OBJECTIVE: Biliary atresia is a neonatal obstructive cholangiopathy characterized by a destructive, obliterative process affecting both the intrahepatic and extrahepatic ducts of the biliary tree that uniquely presents in the first months of life. The consequence of progressive inflammatory and sclerotic reaction is the development of obstructive jaundice. To determine the proinflammatory cytokine profile in children with biliary atresia, we measured circulating levels of interleukin (IL)-1beta, IL-6, tumor necrosis factor-alpha and IL-8. METHODS: Twelve children, five males and seven females, with biliary atresia were studied. In addition, four patients with progressive familial intrahepatic cholestasis and three with Alagille syndrome were also included. Five patients with neonatal hepatitis were studied as controls of a liver disease without portal fibrosis. Serum concentration of total and conjugated bilirubin, gamma-glutamyl transferase and glutamic-pyruvic transaminase were measured by routine methods in all patients at time of sampling for the study. The degree of fibrosis in liver biopsies was scored using the histologic activity index. RESULTS: In our study IL-8 was detectable in 11 of 12 patients with biliary atresia with a median level of 262 pg/ml and a highly statistically significant difference (P <0.0001) from controls. In patients with progressive familial intrahepatic cholestasis or with Alagille syndrome serum IL-8 levels were similarly elevated. In patients with neonatal hepatitis, IL-8 levels were marginally increased. Serum IL-8 levels were significantly correlated (Rs = 0.725, P <0.0001) with the histologic activity index. CONCLUSIONS: Although further studies are needed to determine the role of IL-8 in portal inflammation, our results suggest that increased production of IL-8 may be a mechanism leading to the progressive portal inflammation and fibrosis in patients with chronic liver disease.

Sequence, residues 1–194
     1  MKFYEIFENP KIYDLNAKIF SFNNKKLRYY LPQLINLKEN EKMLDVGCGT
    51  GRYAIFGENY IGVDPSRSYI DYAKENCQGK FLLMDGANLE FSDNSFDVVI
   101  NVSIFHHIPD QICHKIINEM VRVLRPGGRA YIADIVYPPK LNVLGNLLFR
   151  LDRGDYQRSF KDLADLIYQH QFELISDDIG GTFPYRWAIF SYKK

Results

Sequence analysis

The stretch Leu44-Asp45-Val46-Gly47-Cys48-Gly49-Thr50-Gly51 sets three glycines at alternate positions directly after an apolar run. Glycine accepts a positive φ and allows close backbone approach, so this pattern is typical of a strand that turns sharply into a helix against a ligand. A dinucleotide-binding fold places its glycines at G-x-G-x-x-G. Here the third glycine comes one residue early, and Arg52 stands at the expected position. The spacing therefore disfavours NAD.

|Number of pages||5|
|Journal||Journal of Pediatric Gastroenterology and Nutrition|
|Publication status||Published - Nov 2004|
ASJC Scopus subject areas
- Medicine (miscellaneous)
- Food Science
- Pediatrics, Perinatology, and Child Health